Styles of underplating in the Marin Headlands terrane, Franciscan complex, California
Christine A. Regalla, Christie D. Rowe, Nicolas Harrichhausen, Matthew S. Tarling, Jyotsana Singh, "Styles of underplating in the Marin Headlands terrane, Franciscan complex, California", Geology and Tectonics of Subduction Zones: A Tribute to Gaku Kimura, Timothy Byrne, Michael B. Underwood, Donald Fisher, Lisa McNeill, Demian Saffer, Kohtaro Ujiie, Asuka Yamaguchi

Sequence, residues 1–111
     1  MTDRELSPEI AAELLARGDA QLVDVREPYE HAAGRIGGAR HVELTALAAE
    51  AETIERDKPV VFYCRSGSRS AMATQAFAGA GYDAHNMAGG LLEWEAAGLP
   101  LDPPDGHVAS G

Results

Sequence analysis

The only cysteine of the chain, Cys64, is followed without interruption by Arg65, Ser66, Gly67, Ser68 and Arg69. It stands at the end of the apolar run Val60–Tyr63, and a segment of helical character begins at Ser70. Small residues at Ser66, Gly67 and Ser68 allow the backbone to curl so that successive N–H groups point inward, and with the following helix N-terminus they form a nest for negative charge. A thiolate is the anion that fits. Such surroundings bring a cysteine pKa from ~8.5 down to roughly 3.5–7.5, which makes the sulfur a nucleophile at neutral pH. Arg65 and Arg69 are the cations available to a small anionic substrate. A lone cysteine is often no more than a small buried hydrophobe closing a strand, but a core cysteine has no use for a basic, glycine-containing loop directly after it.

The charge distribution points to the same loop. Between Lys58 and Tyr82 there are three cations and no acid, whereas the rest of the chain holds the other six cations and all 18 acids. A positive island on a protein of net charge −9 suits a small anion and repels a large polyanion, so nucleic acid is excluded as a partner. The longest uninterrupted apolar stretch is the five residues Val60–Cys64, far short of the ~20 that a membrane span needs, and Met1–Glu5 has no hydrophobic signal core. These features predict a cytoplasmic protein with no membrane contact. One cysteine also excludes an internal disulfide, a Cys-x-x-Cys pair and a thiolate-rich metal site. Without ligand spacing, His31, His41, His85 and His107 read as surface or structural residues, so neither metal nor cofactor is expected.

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Geophysical images and structural cross sections of accretionary wedges are usually aligned orthogonal to the subduction trench axis. These sections often reveal underplated duplexes of subducted oceanic sediment and igneous crust that record trench-normal shortening and wedge thickening facilitated by down-stepping of the décollement. However, this approach may underrecognize trench-parallel strain and the effects of faulting associated with flexure of the downgoing plate. New mapping of a recently exposed transect across a portion of the Marin Headlands terrane, California, United States, documents evidence for structural complexity over short spatio-temporal scales within an underplated system. We documented the geometry, kinematics, vergence, and internal architecture of faults and folds along ~2.5 km of section, and we identified six previously unmapped intraformational imbricate thrusts and 13 high-angle faults that accommodate shortening and flattening of the underthrust section. Thrust faults occur within nearly every lithology without clear preference for any stratigraphic horizon, and fold vergence varies between imbricate sheets by ~10°–40°. In our map area, imbricate bounding thrusts have relatively narrow damage zones (≤5–10 m) and sharp, discrete fault cores and lack veining, in contrast to the wide, highly veined fault zones previously documented in the Marin Headlands terrane. The spacing of imbricate thrusts, combined with paleoconvergence rates, indicates relatively rapid generation of new fault surfaces on ~10–100 k.y. time scales, a process that may contribute to strain hardening and locking within the seismogenic zone. The structural and kinematic complexity documented in the Marin Headlands is an example of the short spatial and temporal scales of heterogeneity that may characterize regions of active underplating. Such features are smaller than the typical spatial resolution of geophysical data from active subduction thrusts and may not be readily resolved, thus highlighting the need for cross-comparison of geophysical data with field analogues when evaluating the kinematic and mechanical processes of underplating.